We asked Dave Weagle to create suspension kinematics that would provide a very responsive feel, even sprinting out of the saddle in the big chainring. However we realized that there was no need for a 42 tooth big ring on a 29er so we are optimized for a 32–34 tooth big ring. This was unique at the time we made the decision but turned out to be perfect for the smaller doubles available now and all the 1X systems that use 28 to 36 rings.
The Shimano side swing front derailleur moves all the pivots and cable anchors forward away from the tire and the cable path off of the seat tube. This allowed us to rework the right upright to give more tire clearance. A swingarm mounted front derailleur is always in the right place in relation to the chain and chainrings so front shifting is more consistent throughout the travel.
This mounting system also reduces chain slap since the chainstay can be located further from the chain. Also since the derailleur is moving with the chain there will be no chain rub at the extreme ends of the travel, particularly problematic with lower chainstay bikes and the smaller chainrings found on many 29ers.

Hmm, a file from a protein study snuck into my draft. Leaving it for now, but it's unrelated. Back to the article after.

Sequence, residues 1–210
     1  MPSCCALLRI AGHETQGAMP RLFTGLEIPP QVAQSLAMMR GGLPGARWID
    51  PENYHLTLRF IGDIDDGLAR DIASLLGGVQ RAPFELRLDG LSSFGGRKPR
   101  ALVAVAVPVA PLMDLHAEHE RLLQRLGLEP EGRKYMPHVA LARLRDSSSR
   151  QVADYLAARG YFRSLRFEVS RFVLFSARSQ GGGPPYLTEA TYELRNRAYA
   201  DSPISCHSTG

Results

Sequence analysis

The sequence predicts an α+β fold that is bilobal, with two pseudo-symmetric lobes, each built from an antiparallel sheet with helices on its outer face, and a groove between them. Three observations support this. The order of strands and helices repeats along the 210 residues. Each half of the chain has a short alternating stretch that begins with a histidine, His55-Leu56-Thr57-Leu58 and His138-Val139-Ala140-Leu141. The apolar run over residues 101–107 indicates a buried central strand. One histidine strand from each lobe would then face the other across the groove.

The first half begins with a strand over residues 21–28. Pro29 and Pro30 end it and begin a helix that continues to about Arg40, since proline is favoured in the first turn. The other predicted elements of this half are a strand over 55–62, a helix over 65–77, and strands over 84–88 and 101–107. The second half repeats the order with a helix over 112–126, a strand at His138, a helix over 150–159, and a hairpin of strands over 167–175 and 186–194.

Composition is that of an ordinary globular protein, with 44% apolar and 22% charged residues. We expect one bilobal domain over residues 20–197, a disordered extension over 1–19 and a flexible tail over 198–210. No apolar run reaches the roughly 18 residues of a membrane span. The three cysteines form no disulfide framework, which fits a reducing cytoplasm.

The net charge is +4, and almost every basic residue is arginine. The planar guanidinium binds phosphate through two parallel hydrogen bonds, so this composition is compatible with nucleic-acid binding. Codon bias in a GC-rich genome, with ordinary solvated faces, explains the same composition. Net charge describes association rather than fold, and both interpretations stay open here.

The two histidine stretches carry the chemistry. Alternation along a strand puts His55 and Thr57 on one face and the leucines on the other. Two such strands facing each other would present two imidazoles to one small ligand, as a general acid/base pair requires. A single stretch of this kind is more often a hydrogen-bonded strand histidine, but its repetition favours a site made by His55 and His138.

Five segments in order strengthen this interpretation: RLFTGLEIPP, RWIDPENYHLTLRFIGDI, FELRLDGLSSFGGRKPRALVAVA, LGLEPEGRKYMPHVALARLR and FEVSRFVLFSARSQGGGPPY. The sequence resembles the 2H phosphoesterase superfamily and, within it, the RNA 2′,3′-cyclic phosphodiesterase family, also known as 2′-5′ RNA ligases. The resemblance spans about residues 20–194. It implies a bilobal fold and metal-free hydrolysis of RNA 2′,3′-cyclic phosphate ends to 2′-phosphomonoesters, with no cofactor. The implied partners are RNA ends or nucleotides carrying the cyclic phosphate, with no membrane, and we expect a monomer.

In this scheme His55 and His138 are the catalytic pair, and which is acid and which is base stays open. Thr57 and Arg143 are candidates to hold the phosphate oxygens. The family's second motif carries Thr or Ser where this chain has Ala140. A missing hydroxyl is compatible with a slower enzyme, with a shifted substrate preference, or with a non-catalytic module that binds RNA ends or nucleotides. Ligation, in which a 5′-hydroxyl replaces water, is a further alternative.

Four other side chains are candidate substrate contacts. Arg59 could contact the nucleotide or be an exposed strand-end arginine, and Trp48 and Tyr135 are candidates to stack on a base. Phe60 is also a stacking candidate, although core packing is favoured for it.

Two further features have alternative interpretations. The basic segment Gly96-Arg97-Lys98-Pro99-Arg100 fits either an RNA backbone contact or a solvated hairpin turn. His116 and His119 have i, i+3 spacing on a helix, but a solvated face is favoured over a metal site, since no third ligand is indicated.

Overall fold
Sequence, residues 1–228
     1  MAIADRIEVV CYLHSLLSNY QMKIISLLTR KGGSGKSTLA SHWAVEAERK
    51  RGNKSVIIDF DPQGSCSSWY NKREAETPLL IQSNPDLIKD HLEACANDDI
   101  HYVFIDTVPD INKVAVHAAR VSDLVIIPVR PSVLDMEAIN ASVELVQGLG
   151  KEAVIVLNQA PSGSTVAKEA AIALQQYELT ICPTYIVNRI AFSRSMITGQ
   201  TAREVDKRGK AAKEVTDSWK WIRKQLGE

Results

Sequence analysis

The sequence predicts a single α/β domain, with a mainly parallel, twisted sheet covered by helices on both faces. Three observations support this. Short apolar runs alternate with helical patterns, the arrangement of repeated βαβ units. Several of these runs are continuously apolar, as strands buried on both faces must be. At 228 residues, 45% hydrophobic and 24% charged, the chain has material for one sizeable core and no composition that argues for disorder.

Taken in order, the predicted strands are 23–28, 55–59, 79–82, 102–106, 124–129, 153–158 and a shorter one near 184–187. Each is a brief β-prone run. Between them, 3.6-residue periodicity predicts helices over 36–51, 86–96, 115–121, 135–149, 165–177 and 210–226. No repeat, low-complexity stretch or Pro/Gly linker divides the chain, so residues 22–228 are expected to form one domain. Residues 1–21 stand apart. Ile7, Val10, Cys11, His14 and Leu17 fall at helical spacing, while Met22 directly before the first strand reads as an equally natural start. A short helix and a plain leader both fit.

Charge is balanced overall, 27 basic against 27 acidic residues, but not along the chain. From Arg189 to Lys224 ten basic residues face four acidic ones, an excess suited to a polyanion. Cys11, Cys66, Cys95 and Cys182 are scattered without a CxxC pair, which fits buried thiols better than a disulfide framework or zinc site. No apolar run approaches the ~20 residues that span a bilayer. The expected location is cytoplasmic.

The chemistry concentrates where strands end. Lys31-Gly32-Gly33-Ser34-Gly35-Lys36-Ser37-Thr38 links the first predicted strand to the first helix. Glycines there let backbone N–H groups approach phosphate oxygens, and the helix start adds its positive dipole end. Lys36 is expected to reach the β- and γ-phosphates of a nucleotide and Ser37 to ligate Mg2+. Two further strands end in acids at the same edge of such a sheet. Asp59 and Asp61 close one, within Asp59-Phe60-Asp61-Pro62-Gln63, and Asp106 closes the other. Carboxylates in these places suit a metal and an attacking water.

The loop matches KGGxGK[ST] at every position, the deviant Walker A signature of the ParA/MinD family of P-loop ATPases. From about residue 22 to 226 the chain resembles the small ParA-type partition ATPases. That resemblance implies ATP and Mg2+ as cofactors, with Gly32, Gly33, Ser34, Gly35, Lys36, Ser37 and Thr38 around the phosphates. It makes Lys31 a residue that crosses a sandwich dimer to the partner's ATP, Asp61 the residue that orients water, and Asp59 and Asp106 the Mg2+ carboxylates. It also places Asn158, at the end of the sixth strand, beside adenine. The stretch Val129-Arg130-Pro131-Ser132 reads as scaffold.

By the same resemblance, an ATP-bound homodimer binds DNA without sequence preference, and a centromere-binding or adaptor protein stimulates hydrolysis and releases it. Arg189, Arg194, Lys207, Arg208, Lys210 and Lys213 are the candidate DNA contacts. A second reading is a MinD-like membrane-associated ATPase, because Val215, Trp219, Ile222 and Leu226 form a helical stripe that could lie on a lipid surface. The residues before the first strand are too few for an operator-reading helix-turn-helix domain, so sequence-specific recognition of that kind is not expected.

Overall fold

We've made a provision on the Ripley for 2 water bottles, one inside the triangle and one below the down tube. It’s best to use a side-loading cage if using a large bottle inside the triangle, such as this one from Arundel
|Seattube||A||419 (16.5")||470 (18.5")||521 (20.5")|
|Toptube||B||600 (23.6")||619 (24.4")||640 (25.2")|
|Chainstay||D||444 (17.5")||444 (17.5")||444 (17.5")|
|Standover Height (mid toptube)||740 (29.1")||740 (29.1")||750 (29.5")|
|BB Height (2.6" tires)||330 (13")||330 (13")||330 (13")|
|Sizing Guide (rider height)||163–175 (5'4"–5' 9")||175–188 (5'9"–6'2")||183–198 (6'–6'6")|
|Max Insertion (mm)||165||200||215|
Measurement from center BB to center of saddle rail (mm) for the Fox Transfer
Measurement from center BB to center of saddle rail (mm) for the KS Lev Integra
Measurement from center BB to center of saddle rail (mm) for the Rock Shox Reverb
Sorry, no build kit info for the New Ripley LS.
Setting the correct sag on your suspension bike is a fundamental but super important part of getting the most out of your ride. This video shows you how to achieve a perfectly balanced front and rear end. We show you how on a Ripley, but it applies to any of our dw-link suspension bikes.
If you've got your Ripley taken apart already and are ready to remove and replace the eccentric bearing, either in the frame or in the swingarm, this video will run you through the process. The Clemens Tool is available in our store here.
To learn how to get your swingarm removed, the video you want is just below ↓